An Unexpected Journey: Path to the Presidency
Here Singapore’s President S.R. Nathan tells his own story, taking the reader back with him to his childhood, to modest beginnings and life as a runaway in Singapore and Malaya, and then the experience of renewed hope during the Japanese occupation. After a belated and limited university education, as well as a short spell as a social worker dealing with seafarers, he witnessed from inside the Labour Reserch Unit the birth of Singapore’s modern trade union movement. Shortly after Singapore achieved full independence, he joined the staff of the newly established Ministry of Foreign Affairs, retiring – as he thought – as Permanent Secretary. However, he did not retire. After being asked to run the Straits Times newspaper for a time, he served as High Commissioner in Malaysia and Ambassador in the United States. Few people have packed so much into a life. And then, at an age when most people are well beyond the end of their working lives, he was elected President of Singapore, in which role he has won the hearts of many people in Singapore and abroad.
About the Author
S.R. Nathan (1924-) was elected to the office of President of Singapore September 1st, 1999.
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Between inventing the concept of a universal computer in 1936 and breaking the German Enigma code during World War II, Alan Turing (1912-1954), the British founder of computer science and artificial intelligence, came to Princeton University to study mathematical logic. Some of the greatest logicians in the world–including Alonzo Church, Kurt Godel, John von Neumann, and Stephen Kleene–were at Princeton in the 1930s, and they were working on ideas that would lay the groundwork for what would become known as computer science. This book presents a facsimile of the original typescript of Turing’s fascinating and influential 1938 Princeton PhD thesis, one of the key documents in the history of mathematics and computer science. The book also features essays by Andrew Appel and Solomon Feferman that explain the still-unfolding significance of the ideas Turing developed at Princeton. A work of philosophy as well as mathematics, Turing’s thesis envisions a practical goal–a logical system to formalize mathematical proofs so they can be checked mechanically. If every step of a theorem could be verified mechanically, the burden on intuition would be limited to the axioms. Turing’s point, as Appel writes, is that “mathematical reasoning can be done, and should be done, in mechanizable formal logic.” Turing’s vision of “constructive systems of logic for practical use” has become reality: in the twenty-first century, automated “formal methods” are now routine. Presented here in its original form, this fascinating thesis is one of the key documents in the history of mathematics and computer science.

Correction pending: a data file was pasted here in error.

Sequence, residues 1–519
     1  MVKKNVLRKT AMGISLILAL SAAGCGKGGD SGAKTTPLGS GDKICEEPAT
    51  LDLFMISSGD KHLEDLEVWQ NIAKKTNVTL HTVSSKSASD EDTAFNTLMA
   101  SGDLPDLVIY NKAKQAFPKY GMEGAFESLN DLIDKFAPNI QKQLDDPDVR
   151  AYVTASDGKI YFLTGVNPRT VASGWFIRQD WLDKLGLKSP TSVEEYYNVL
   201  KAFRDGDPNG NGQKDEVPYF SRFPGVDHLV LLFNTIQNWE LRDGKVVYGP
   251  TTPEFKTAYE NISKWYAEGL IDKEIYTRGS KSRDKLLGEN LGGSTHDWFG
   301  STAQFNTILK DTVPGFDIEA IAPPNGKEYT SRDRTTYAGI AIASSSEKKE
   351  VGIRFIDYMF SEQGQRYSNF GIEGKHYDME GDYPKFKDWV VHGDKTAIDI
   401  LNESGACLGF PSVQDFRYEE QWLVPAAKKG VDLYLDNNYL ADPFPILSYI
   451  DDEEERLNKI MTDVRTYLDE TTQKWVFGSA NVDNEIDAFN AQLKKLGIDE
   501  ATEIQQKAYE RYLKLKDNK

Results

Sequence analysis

About the Author
Andrew W. Appel is the Eugene Higgins Professor and Chairman of the Department of Computer Science at Princeton University.
Antislavery campaigner, author, diplomat and political statesmen, Frederick Douglass was one of the greatest men of his age. A former slave himself, Frederick fought publicly against slavery and was an inspiration in the fight for social and political change. Written by Amanda Mitchison, find out about this life-long battle to fight for equality. * Sapphire/Band 16 books offer longer reads to develop children’s sustained engagement with texts and are more complex syntactically. * Text type: A biography * Curriculum links: History, Citizenship
Going Solo is an examination of the most significant demographic shift since the Baby Boom — the sharp increase in the number of people who live alone. In 1950, only 22 percent of American adults were single. Today, more than 50 percent of American adults are single and 31 million — roughly one out of every seven adults — live alone. In Going Solo, renowned sociologist and author Eric Klinenberg proves that these numbers are more than just a passing trend. They’re actually evidence of the biggest demographic shift since the Baby Boom. We are crafting new ways of living. Klinenberg explores the seismic impact “going solo” is having on culture, business, and politics. Though conventional wisdom tells us that living by oneself leads to loneliness and isolation, the facts tell us that most solo dwellers are deeply engaged in social and civic life. Compared with their married counterparts, they are more likely to eat out and exercise, go to art and music
About the Author
John Van Wyhe is a historian of science and one of the world’s leading experts on Charles Darwin and Alfred Russel Wallace. He is a Fellow of Tembusu College, National University of Singapore, and a Senior Lecturer in the Departments of History and Biological Sciences.